SAAP Annual Meeting 2014

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Rorty’s Fractured Politics, and Why We Need Dewey to Rehabilitate Rorty’s Reformist Vision

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In reading Richard Rorty’s Achieving Our Country against his philosophical work we see two divergent visions of politics. Not only are these visions in conflict, but in his overtly political work Rorty seems to be critiquing the very politics that he positively articulates in his philosophical work. In this paper, I work through these two visions—the politics of reformist activism and the politics of passivity— in order to bring out the tensions in Rorty’s political theory. I offer critical commentary on the politics of passivity from a Deweyan perspective. Finally, I argue that we have good reasons to prefer Rorty’s reformist vision to his passivist one, but that in order to shore up the former we need to recuperate aspects of Dewey’s philosophy that Rorty has sought to jettison.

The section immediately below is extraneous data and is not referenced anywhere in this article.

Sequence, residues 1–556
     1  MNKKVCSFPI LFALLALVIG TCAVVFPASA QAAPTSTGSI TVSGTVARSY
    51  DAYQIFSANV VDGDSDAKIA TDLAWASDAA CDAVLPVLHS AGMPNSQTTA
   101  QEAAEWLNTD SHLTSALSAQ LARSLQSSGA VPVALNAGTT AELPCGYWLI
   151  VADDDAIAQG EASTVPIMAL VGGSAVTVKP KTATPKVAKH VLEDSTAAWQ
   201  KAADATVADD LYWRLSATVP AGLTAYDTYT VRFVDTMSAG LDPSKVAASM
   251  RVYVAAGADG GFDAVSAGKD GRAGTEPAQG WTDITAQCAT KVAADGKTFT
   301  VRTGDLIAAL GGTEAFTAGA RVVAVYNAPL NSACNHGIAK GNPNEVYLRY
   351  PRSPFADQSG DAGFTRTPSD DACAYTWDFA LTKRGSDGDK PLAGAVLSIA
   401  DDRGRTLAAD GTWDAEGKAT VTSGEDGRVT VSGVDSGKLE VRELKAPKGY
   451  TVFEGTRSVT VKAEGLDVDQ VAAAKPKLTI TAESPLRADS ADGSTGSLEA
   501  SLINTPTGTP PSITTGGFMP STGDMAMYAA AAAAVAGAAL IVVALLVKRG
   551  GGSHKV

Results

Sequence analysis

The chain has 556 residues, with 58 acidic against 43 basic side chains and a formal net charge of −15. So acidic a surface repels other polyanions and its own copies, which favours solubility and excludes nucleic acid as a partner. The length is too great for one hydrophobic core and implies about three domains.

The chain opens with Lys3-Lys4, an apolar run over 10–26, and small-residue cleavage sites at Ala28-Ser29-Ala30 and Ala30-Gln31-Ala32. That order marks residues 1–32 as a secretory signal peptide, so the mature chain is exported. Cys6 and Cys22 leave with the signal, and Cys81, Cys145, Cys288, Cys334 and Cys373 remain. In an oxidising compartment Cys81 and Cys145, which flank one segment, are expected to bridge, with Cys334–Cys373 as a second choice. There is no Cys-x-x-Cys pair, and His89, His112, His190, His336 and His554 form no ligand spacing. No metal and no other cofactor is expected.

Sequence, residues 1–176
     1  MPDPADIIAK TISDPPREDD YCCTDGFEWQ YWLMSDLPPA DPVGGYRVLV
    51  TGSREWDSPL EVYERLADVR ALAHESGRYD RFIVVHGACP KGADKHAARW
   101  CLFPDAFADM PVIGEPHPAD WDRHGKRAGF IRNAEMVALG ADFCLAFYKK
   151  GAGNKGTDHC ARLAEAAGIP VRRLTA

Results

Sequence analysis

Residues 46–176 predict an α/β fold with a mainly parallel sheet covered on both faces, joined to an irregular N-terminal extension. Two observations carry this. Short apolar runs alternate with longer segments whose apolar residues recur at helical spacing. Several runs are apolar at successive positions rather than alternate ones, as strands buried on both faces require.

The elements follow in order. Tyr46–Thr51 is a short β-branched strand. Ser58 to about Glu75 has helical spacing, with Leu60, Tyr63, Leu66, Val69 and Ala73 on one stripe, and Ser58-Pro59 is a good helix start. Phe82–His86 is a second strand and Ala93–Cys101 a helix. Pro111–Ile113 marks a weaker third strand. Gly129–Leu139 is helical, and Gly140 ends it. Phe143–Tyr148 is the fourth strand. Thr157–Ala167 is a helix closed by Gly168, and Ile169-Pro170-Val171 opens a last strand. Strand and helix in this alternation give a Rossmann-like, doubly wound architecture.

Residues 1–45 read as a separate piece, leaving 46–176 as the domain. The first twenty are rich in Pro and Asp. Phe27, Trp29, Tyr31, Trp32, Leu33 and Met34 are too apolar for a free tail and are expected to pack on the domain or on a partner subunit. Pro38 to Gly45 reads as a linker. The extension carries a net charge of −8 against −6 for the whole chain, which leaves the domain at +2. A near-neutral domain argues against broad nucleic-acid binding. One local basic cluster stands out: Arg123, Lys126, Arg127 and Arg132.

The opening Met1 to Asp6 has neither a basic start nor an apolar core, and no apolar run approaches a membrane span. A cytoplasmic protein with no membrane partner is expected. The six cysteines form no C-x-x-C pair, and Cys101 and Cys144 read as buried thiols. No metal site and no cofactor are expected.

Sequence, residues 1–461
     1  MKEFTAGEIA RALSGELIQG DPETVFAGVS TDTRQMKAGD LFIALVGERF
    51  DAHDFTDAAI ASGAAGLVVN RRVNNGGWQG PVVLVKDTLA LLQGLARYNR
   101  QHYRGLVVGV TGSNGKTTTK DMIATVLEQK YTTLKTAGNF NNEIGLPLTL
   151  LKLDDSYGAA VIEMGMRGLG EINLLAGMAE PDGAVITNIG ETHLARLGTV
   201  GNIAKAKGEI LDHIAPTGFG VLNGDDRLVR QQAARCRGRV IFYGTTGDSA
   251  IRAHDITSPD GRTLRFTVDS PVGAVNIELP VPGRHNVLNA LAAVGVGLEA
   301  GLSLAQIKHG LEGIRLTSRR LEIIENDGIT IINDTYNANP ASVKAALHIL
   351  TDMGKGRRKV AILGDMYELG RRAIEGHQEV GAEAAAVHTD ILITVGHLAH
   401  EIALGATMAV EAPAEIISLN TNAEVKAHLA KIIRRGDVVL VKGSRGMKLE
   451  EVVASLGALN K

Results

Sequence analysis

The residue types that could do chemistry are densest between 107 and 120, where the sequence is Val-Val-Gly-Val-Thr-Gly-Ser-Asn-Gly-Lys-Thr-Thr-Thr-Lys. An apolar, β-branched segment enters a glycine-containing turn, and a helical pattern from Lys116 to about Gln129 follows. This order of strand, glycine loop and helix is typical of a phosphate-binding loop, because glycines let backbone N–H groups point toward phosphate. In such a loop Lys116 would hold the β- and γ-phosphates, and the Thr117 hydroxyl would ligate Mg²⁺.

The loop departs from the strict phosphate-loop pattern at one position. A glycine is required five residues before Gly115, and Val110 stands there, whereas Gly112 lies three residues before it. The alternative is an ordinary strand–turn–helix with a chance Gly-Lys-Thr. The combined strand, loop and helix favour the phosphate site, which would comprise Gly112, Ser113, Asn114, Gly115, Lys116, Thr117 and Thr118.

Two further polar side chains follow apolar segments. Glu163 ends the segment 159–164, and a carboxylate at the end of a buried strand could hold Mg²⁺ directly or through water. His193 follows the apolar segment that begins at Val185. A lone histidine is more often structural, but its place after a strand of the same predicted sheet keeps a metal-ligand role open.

Author(s):

Jessica Hejny    
University of Oregon, Dept of Political Science
United States

 

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